I said yesterday I'd post it, when available -- here it is, as reprinted in The Boston Globe online. I think this story appeared on Bloomberg about 20 minutes after I detailed the potential for a majority line-up favoring the plaintiffs (on another board) -- based solely on what I saw as the skepticism evinced in the Justices' lines of questioning. In any event, the snippet:
. . . .Most of the nine justices suggested they are prepared to let shareholders sue Merck for alleged deception about the risks posed by Vioxx, which the company pulled from the market in 2004 because of links to heart attacks and strokes. . . .
In addition, Tony Mauro, writing for The National Law Journal, as posted over at law.com, ran a story last night, using a rather off-beat turn of phrase to describe parts of the suit (which turn of phrase appeared verbatim in mine), about three hours after I ran mine (phrase bolded, below):
. . . .Merck. . . argued that there was enough evidence of possible fraud in his client's statements about the anti-inflammatory drug in the public domain by September 2001. . . .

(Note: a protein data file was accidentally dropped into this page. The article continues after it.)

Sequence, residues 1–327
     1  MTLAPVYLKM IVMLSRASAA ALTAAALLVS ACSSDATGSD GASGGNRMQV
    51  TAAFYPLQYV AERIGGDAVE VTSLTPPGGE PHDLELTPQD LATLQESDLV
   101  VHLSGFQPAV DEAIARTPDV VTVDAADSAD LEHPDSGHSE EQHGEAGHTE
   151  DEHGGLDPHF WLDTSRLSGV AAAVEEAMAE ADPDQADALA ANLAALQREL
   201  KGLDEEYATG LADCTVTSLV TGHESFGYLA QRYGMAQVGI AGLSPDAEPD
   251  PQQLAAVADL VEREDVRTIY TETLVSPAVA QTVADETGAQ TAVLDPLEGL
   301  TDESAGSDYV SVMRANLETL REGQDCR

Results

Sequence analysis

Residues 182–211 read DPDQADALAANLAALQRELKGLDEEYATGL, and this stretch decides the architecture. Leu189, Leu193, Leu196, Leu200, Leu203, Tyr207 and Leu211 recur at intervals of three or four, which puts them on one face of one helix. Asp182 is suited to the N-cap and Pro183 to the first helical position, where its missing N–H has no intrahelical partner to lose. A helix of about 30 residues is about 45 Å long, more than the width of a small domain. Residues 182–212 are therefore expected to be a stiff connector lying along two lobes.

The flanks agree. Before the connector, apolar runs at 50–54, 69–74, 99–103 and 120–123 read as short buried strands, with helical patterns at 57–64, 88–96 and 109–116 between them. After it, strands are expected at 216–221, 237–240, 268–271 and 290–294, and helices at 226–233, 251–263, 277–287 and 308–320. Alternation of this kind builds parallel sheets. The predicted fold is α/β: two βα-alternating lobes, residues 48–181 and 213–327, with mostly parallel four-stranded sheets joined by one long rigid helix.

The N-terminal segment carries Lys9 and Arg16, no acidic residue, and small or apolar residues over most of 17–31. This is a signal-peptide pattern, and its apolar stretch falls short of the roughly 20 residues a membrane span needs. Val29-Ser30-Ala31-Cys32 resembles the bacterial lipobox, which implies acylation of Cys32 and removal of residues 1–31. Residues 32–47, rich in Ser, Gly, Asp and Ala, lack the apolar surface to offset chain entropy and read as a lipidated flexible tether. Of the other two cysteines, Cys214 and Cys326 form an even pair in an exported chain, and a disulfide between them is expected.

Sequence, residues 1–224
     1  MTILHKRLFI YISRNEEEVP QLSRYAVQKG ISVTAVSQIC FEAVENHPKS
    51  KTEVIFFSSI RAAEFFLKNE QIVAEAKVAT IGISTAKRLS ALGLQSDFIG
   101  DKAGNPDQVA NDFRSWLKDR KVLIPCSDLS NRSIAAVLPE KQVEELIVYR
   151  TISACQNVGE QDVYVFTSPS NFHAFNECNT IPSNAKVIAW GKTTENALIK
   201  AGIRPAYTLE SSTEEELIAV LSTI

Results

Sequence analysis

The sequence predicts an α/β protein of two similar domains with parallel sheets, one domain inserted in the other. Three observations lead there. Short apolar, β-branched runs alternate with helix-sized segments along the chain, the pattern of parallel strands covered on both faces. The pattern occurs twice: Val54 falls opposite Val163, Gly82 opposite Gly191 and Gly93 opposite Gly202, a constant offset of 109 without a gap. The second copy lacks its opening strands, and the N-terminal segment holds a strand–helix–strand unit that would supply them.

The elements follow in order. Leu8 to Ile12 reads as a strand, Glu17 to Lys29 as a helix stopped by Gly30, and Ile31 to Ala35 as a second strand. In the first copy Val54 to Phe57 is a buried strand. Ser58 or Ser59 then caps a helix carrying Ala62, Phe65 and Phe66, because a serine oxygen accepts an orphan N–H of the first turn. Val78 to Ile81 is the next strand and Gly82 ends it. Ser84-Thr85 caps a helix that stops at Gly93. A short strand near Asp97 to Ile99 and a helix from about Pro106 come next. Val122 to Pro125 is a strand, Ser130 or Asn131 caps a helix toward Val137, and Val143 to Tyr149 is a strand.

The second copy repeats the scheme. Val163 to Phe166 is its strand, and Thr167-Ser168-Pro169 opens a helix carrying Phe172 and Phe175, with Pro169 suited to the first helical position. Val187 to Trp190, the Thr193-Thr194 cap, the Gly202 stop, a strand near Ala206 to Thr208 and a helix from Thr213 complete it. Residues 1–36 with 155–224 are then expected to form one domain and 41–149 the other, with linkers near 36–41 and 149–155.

[Ed. Note: Tony went on to observe thus:]
. . . .Justice Ruth Bader Ginsburg, noting that Merck initially insisted there were other explanations for the increased risk, said, "How would the most diligent plaintiffs have gone about finding out whether Merck really had no good-faith belief" in those alternate theories. . . .
Justice Antonin Scalia also suggested that in the early stages there was "simply substantial evidence of inaccuracy," not of the kind of fraud needed to trigger a securities suit. . . .
My take? Ex-CEO Fred Hassan is going to need that refurbished Newark-branch Warburg Pincus office/janitors' closet to be fully-operational by Christmas. Heh.